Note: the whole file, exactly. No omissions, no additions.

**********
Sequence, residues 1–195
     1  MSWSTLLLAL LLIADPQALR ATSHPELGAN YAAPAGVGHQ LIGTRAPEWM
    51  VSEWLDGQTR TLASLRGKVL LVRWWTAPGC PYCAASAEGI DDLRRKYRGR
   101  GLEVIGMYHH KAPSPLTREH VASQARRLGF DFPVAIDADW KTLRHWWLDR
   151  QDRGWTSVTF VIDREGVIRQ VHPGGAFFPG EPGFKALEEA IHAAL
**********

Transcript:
Sequence, residues 1–195
     1  MSWSTLLLAL LLIADPQALR ATSHPELGAN YAAPAGVGHQ LIGTRAPEWM
    51  VSEWLDGQTR TLASLRGKVL LVRWWTAPGC PYCAASAEGI DDLRRKYRGR
   101  GLEVIGMYHH KAPSPLTREH VASQARRLGF DFPVAIDADW KTLRHWWLDR
   151  QDRGWTSVTF VIDREGVIRQ VHPGGAFFPG EPGFKALEEA IHAAL